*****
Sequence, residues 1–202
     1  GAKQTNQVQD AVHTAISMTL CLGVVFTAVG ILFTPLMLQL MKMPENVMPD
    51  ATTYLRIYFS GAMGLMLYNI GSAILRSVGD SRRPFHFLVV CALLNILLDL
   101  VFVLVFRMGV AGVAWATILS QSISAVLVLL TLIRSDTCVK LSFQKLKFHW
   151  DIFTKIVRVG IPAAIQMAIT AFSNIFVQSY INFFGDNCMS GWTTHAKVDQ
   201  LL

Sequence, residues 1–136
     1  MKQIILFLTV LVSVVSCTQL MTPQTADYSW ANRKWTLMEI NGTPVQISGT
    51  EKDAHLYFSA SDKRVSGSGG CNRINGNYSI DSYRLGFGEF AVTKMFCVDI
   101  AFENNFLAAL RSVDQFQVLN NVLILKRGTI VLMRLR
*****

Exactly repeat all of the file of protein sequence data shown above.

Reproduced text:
Sequence, residues 1–202
     1  GAKQTNQVQD AVHTAISMTL CLGVVFTAVG ILFTPLMLQL MKMPENVMPD
    51  ATTYLRIYFS GAMGLMLYNI GSAILRSVGD SRRPFHFLVV CALLNILLDL
   101  VFVLVFRMGV AGVAWATILS QSISAVLVLL TLIRSDTCVK LSFQKLKFHW
   151  DIFTKIVRVG IPAAIQMAIT AFSNIFVQSY INFFGDNCMS GWTTHAKVDQ
   201  LL

Sequence, residues 1–136
     1  MKQIILFLTV LVSVVSCTQL MTPQTADYSW ANRKWTLMEI NGTPVQISGT
    51  EKDAHLYFSA SDKRVSGSGG CNRINGNYSI DSYRLGFGEF AVTKMFCVDI
   101  AFENNFLAAL RSVDQFQVLN NVLILKRGTI VLMRLR